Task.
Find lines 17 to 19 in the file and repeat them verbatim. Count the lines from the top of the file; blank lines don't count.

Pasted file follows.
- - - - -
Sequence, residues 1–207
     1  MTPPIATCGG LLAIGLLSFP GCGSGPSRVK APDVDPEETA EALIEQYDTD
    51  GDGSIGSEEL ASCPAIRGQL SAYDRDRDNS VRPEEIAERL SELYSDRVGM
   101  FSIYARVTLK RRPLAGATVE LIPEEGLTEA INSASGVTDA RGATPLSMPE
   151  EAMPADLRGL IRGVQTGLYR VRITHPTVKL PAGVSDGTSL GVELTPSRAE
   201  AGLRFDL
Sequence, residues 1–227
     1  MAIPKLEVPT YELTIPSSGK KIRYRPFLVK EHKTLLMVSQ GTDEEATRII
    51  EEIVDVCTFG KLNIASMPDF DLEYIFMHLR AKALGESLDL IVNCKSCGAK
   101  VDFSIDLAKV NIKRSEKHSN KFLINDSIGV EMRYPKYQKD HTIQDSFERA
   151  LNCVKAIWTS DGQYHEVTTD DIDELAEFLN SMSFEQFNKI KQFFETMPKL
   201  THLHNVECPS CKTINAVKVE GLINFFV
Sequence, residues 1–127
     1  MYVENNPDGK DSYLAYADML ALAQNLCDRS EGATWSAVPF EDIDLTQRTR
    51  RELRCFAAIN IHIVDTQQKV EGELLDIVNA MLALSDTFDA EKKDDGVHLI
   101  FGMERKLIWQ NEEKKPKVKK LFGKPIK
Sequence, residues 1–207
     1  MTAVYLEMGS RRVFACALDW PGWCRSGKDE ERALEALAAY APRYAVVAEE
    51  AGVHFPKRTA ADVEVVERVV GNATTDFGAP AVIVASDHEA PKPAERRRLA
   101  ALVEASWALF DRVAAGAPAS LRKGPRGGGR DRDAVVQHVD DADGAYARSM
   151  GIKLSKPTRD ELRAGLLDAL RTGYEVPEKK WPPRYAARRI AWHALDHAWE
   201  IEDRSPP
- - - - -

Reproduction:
Sequence, residues 1–207
     1  MTAVYLEMGS RRVFACALDW PGWCRSGKDE ERALEALAAY APRYAVVAEE
    51  AGVHFPKRTA ADVEVVERVV GNATTDFGAP AVIVASDHEA PKPAERRRLA